Next year, in 1863, Jeff was captain of Company A of the 9th Provisional Regiment. His son Henry was the bugler of the Company. They were enrolled and called into service on 17 March and discharged on 31 December. Both were allowed to return to their homes, continue farming, and take part in the lives of their spouse and children for the remainder of the war. In 1864, Jeff’s oldest daughter Catherine and her husband Fred Crider sold their land to Jeff and moved to Texas.
The Civil War did not diminish Jeff’s financial stability. In 1870 the agriculture census showed him owning 150 acres of improved land and 183 acres of unimproved land. He owned seven horses, twelve mules, seven cows, two oxen, thirty sheep, and four hogs. He was growing winter wheat, Indian corn, oats, peas, beans, and Irish potatoes. From the sheep, twenty-four pounds of wool were produced and the cows produced eighty pounds of butter. Fifty gallons of molasses were also produced. No doubt it took every member of the family who could help, along with hired help, to keep this farm going. Unfortunately, their son Charles was sickly and died at the age of twenty the next year on 30 June 1871. He is buried next to Jeff in Francis Cemetery.
In 1880 all of Jeff’s children had left home with the exception of his son William and William’s wife Sephronia. The 1880 agricultural census showed William as owning the land. The number of acres of land they owned had decreased by eighty-three. They still owned horses, mules, cows, and hogs added chickens and got rid of their oxen and sheep. They grew Indian corn, oats, wheat, Sorghum, and Irish potatoes. And some lands were set aside for an apple orchard. The family made extra money through the sale of cattle and wood they cut from their timber. Life appeared to be good.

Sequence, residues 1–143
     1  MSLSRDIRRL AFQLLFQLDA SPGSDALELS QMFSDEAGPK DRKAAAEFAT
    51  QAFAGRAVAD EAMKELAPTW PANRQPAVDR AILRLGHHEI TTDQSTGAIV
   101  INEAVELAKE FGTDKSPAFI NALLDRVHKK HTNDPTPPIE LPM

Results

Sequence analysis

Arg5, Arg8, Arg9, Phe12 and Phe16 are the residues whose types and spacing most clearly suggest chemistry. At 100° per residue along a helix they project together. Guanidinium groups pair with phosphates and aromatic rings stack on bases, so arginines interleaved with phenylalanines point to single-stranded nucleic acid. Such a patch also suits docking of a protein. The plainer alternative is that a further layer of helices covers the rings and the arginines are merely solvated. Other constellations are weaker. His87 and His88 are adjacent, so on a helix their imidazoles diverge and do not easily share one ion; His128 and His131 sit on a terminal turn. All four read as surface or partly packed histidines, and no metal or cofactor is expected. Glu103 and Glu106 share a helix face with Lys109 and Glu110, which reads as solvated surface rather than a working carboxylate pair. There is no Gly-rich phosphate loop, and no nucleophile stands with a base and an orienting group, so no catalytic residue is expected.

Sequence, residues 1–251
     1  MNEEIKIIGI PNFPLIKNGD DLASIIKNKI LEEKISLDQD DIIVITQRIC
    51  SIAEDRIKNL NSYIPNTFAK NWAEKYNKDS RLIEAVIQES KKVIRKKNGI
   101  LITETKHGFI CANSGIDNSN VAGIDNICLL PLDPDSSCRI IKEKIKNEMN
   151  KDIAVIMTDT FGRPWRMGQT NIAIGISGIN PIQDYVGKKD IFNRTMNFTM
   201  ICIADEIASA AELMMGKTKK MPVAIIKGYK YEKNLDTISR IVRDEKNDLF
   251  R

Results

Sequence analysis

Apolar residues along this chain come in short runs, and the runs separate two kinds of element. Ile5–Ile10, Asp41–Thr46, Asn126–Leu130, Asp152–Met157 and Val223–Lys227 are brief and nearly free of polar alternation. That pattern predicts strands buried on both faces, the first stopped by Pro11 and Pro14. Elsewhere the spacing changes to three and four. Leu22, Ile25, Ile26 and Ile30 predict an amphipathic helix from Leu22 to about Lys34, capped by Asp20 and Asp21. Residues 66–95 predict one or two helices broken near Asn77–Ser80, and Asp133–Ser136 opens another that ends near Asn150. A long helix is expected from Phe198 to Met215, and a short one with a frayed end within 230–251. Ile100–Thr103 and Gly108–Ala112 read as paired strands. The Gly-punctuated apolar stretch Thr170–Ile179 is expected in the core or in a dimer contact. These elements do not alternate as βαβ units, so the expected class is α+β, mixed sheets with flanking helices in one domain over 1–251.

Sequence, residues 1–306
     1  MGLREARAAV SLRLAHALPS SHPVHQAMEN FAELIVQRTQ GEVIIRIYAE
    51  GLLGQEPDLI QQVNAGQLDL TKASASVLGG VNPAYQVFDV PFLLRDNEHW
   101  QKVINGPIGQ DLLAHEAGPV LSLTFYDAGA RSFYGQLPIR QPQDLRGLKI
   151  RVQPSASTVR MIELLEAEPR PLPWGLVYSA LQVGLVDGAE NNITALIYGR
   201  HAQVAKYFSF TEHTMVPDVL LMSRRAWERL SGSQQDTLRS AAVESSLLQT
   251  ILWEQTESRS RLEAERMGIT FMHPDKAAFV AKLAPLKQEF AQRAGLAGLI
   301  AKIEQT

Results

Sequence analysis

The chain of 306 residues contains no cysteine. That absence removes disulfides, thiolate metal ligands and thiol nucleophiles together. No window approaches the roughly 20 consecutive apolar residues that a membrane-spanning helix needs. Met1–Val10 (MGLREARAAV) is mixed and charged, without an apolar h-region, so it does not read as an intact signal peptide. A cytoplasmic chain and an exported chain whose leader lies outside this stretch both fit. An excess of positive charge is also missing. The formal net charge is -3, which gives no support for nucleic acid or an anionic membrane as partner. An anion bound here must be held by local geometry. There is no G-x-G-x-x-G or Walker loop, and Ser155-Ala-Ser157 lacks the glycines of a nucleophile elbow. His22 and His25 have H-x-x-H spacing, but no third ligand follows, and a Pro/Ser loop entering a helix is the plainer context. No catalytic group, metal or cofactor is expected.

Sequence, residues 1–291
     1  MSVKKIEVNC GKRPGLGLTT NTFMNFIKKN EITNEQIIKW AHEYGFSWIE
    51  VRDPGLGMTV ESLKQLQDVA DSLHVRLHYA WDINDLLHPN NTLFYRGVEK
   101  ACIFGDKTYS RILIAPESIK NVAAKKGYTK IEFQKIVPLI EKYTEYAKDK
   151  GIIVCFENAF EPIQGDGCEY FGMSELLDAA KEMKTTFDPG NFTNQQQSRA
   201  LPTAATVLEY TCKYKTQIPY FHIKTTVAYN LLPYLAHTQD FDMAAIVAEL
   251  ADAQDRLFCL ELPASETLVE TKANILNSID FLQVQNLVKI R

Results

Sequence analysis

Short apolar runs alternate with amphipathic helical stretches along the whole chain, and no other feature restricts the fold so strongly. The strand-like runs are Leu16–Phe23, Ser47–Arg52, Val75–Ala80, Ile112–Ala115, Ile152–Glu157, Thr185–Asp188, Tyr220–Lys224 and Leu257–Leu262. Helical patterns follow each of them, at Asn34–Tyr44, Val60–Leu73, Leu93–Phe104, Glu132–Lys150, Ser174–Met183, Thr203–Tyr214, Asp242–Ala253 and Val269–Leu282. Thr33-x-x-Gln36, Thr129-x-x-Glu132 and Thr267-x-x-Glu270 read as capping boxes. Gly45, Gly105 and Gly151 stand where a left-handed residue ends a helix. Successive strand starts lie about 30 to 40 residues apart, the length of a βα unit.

Jeff Williams committed suicide on 11 December 1885. What had changed between 1880, when it appeared that he was doing well financially, and 1885 when he took his life? Most likely the recession that occurred in the U.S. between 1882 and 1885 caused his financial well-being to decline. And the final settlement for his estate bears that out. At the time of the final settlement, after the sale of items in his estate and outstanding bills were accounted the estate was in the arrears of $73.66 leaving Elizabeth with no money.
Family lore says he took his life because he was upset that he couldn’t buy his grandsons the hats that they wanted. The truth is he was in desperate financial trouble.
Jeff Williams is buried in Francis Cemetery in Osage County. His sons Henry, Charles, and Robert are buried near-by. It is unknown where Elizabeth is buried.
Jeff Williams led an interesting life having volunteered for military service in the Seminole War, the Mexican War, and the Civil War. He traveled from Tennessee to Missouri and saw things many of his generation never saw. He used the court system to his advantage and sometimes that worked against him. He was a rabble-rouser yet appeared to be a man of principle and hard-work. It’s a shame he ended his life in a tragic way, at his own hands. No doubt he is one of our family’s most fascinating characters.
²Dan’s World, Williams (http://drw.50webs.com/will.html : accessed 1 Sep 2014), Philip Williams Family History
³2013; Ancestry.com, Tennessee, State Marriages, 1780-2002 (http://www.ancestry.com : accessed 27 Oct 2013); William J. Williams to Elizabeth A. Stubblefield
⁴Records of Events 28th Enrolled Militia of Osage County, Missouri, http://www.osagecounty.org/civilwar/emm/28emm.html
2 thoughts on “William Jefferson Williams…Not Your Average Man”
My 4th great grandfather via son Henry. Thanks for the awesome biographical sketch!
Hi Chris. Thanks for your kind words. Henry was my great-great grandfather through Virginia Williams.